Assorted links

1. How much will TARP have cost?

2. Google trends: Wolfram Alpha.

3. Within a company, the powerful think that rules are more important.

4. Which countries are hardest for informed people to find on a map?  Kiribati appears to come in first; source here.

5. Underwear as an economic indicator.

Comments

This explains why I haven't purchased new underwear since I started grad school a couple years ago.

Re: item 4: The task wasn't "find this country on a map", but just "name all the countries in the world". That's quite a different task. Countries correctly entered are marked in green, so it's easy to see that you have missed large countries, but small countries are difficult to spot. After having entered 120+ countries it's difficult to tell if there are any countries in Oceania left. Conversely, it is easy to see if there are any countries in South America left.

So the proper question should read "which countries are hardest for informed people to name".

Huh, I'd forgotten about Wolfram Alpha. I haven't seen anything that over-hyped since the last British indie-rock band.

Regarding second-order recession indicators, I wonder whether this is the first fully-fledged recession in which pretty much every generation is completely alien to the concept of actually mending or repairing things to make them last longer? It's never mentioned. People know that things can be made to last a bit longer if pushed, and people know that things will eventually expire, but it's really only a late 20th century mindset that got everyone to replace items unnecessarily due to fashion or other aspiration, as opposed to things actually wearing out. Prior to that, you'd fix things until you couldn't.

I'm noticing that people simply aren't upgrading their phones. I don't know what it's like in foreign countries, but here in the UK, people were going through new phones almost every 9 months or so, it seemed, in the years 2001-2004ish. Now, people have more or less stuck with the phone they had a few years ago. Either that's because phone development has plateauxed out so that any new phone you get won't offer any significantly greater utility or advantage, just a different styling and colour perhaps. Or, it's because people realise that the phone they're on now still actually works well and they're (for once) happy with it - no new phone these days causes any stirring of wanting or lusting*.

For example, my main phone is the one I had in 2006 - I essentially stopped looking when I got the W800i. A lot of people are walking around today* with a phone that is several years old but one which they're now familiar and comfortable with and see no advantage in upgrading. I wonder what effect this has had on the networks which hitherto would have had to subsidise this prior frantic upgrade cycle?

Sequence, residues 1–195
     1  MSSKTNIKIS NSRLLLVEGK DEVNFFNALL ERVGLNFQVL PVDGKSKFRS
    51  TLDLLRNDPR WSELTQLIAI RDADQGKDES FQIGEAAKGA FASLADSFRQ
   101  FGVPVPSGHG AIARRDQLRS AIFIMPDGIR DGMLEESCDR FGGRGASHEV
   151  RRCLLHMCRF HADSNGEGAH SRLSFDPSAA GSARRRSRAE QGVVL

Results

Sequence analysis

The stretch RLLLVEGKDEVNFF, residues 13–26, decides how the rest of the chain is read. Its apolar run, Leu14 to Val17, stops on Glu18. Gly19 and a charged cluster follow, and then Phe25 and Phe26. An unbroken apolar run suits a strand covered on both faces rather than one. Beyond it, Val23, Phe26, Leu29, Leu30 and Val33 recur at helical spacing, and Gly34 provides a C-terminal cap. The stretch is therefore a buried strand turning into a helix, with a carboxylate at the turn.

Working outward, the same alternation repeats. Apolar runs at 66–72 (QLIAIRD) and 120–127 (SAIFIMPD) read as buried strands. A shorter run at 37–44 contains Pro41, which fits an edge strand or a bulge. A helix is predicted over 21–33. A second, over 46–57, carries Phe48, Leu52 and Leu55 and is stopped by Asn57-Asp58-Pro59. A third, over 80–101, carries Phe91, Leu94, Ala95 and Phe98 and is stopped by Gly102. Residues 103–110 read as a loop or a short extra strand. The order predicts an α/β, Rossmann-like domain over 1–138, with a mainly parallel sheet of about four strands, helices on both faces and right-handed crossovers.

* (if you discount those with iPhones - which is a huge majority) (yes, I'd like one, but I hardly ever make calls on my PAYG sim, I'm not a big phone user at all - I'm better off with my iPod Touch and a separate phone. It saves me money if other people call me instead.)

And an even lower percentage of people know how to correctly pronounce Kiribati.

Interesting factoid: several years ago I was waiting at an airline ticket counter in the Ft. Lauderdale airport, and the two men in front of me had Kiribati passports.

This notion that the powerful think rules are more important goes against every observation I've made in my entire life. I think I'll need more than one "study" to overturn that. However, if the claim is that the powerful think rules are more important for other people to follow, then yeah, no shit.

To be honest, Wolfram Alpha sucks. The one thing I do enjoy is it's ability to spit out scales, distances between musical notes, etc.

BTW - I just bought a pack of underwear this weekend....

If I read the article correctly, the study on power and rule following didn't have actually powerful or powerless people in it, just college students "primed" to think the way they imagine such people think. Sounds to me like very thin gruel to support claims about people who have significant actual experience as powerful and/or powerless adults.

Ken

I wrote about the underwear thing a while back...am I the only one that is disturbed by the cyclical nature of underwear sales plus the fact that countercyclical stimulus checks are disproportionately spent on porn? More porn + less underwear = gross. =P

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